MIAMI (July 13, 2017) – TSG Group – a boutique, diversified real estate development and investment company in South Florida – announced today that it has selected CBRE, a global integrated commercial real estate and investment services firm, as the exclusive leasing agent for its planned commercial development, DD41, in Miami’s Design District. Acquired by TSG Group in 2015, the site encompasses nearly 9,000 square feet of leasable retail space.

DD41 presents a preeminent retail option for leading brands that wish to join the neighborhood, which today, is the city’s most notable luxury fashion destination home to names such as Louis Vuitton, Christian Louboutin and Tiffany & Co. Situated at the bustling intersection of 17 NE 41st Street and North Miami Avenue, the property directly neighbors the area’s coveted designer boutiques and award-winning restaurants. It is also just steps from the recently-completed Institute of Contemporary Art and world-renowned De la Cruz Collection.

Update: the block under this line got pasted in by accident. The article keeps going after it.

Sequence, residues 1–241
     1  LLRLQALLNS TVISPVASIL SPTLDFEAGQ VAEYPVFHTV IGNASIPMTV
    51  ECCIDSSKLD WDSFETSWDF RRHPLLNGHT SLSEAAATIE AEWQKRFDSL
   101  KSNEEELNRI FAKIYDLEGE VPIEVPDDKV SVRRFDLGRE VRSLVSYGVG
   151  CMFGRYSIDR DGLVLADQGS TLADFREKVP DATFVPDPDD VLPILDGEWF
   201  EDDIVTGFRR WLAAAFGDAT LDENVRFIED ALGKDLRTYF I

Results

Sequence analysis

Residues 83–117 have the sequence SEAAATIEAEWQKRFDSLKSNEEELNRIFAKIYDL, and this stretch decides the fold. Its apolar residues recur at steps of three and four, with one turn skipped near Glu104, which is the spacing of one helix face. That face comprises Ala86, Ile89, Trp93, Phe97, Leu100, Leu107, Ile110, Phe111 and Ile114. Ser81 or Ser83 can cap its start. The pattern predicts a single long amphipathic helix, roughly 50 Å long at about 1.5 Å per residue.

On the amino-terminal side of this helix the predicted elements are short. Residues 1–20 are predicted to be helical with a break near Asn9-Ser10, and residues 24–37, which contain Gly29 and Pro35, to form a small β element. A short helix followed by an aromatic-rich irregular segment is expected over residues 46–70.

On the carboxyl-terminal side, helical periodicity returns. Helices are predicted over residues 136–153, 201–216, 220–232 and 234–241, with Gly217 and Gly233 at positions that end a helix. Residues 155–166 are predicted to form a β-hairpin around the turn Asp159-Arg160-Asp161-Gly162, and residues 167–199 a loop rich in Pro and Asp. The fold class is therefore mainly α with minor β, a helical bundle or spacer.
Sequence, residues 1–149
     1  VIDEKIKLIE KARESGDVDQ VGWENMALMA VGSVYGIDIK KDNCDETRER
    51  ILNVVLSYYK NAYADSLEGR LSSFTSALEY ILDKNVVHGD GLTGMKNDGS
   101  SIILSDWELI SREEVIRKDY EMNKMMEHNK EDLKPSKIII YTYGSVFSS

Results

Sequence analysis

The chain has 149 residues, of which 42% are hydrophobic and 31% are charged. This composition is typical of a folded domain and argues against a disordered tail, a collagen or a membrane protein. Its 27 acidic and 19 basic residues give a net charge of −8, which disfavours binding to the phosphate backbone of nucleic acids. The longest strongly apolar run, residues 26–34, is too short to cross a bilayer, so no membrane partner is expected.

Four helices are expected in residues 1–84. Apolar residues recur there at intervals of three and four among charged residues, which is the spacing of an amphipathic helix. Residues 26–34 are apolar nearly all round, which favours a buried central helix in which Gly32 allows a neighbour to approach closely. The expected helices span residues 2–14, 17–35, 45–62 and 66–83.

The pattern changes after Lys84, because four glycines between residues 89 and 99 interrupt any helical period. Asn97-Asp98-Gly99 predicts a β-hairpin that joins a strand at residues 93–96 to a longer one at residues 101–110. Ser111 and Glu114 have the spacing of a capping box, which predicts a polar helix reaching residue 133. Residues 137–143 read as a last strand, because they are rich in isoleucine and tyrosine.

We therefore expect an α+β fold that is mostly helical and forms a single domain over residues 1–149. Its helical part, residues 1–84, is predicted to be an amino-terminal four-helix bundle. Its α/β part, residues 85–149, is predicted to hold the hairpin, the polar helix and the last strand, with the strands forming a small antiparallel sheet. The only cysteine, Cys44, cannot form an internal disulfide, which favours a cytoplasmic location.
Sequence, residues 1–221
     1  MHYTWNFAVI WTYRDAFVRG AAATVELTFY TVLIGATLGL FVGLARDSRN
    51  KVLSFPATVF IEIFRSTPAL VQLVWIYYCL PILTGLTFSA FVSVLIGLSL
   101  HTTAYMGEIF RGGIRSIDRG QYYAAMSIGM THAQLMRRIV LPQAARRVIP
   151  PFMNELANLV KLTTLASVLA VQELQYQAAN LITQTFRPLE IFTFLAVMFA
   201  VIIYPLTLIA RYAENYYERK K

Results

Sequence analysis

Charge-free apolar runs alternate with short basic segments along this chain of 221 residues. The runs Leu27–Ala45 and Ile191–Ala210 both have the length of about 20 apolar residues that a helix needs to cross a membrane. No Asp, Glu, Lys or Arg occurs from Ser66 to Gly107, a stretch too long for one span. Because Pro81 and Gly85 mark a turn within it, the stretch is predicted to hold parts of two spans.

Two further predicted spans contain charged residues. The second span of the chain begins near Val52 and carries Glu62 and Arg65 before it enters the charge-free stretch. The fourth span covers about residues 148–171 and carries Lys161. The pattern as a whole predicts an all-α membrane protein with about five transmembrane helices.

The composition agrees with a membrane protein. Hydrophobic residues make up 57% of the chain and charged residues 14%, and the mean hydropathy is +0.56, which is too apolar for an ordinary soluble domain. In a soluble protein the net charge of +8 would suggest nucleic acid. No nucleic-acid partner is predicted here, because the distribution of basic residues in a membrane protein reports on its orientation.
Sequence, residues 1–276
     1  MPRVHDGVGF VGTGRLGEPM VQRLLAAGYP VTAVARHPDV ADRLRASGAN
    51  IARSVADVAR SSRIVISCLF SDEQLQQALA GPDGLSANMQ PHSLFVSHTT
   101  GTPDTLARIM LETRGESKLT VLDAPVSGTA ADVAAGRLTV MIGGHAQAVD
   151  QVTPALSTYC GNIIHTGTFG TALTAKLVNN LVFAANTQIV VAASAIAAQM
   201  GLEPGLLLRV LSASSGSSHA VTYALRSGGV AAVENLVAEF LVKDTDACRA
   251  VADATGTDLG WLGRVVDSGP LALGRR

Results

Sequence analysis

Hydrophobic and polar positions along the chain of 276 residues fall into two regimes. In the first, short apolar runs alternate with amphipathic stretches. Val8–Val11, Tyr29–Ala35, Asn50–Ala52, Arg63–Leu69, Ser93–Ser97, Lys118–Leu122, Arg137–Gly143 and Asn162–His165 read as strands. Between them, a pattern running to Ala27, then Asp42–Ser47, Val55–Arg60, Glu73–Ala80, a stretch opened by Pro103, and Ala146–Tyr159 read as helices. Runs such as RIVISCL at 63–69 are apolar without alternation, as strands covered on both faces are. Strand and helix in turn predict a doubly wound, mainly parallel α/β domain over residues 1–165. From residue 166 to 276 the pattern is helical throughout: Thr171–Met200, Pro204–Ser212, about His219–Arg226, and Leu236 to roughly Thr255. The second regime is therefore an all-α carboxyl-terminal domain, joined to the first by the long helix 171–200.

CBRE Senior Vice President Paco Diaz will oversee leasing for DD41.

Encompassing three stories, the project is designed by Royal Byckovas, the global architecture firm behind Bal Harbour Tower and Argentina’s St. Regis Hotel and Residences. Their collaborative team of experts envisioned DD41 to exemplify the artistic, contemporary style that is synonymous with the Design District.

“We are thrilled to be partnering with CBRE on our latest venture,” said Camilo Lopez, CEO and managing partner of TSG Group. “The Design District has become the nation’s cosmopolitan playground. With CBRE’s extensive market knowledge, we are confident that DD41 will seamlessly blend into the fabric of the community and be a strong draw for high-street retailers seeking their place in this burgeoning district.”

Set to be a flagship of the Design District, DD41 is in proximity to The Museum Garage, a curated 900-car parking structure that will feature six facades, each designed by a different architecture firm using elements such as, recycled cars, puzzle pieces, and murals. In addition, Phase III of the neighborhood’s expansion will include ABC Kitchen – a farm-to-table concept by Michelin-starred chef Jean-Georges Vongerichten – and L’Atelier de Joël Robuchon, both with plans to open later this year.